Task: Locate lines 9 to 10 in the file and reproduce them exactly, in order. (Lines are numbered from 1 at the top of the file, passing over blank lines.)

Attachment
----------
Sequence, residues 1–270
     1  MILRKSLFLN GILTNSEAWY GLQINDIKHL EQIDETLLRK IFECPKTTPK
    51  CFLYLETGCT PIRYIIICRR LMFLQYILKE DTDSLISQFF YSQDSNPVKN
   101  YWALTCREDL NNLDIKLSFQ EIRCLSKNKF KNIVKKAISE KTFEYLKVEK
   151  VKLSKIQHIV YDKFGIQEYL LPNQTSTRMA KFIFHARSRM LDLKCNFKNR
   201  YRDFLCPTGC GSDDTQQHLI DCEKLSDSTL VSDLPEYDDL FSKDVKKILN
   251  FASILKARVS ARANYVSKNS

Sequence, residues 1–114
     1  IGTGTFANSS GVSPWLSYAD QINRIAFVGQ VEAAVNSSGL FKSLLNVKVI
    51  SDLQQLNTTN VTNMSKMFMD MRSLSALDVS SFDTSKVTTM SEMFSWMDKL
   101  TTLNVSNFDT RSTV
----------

     1  IGTGTFANSS GVSPWLSYAD QINRIAFVGQ VEAAVNSSGL FKSLLNVKVI
    51  SDLQQLNTTN VTNMSKMFMD MRSLSALDVS SFDTSKVTTM SEMFSWMDKL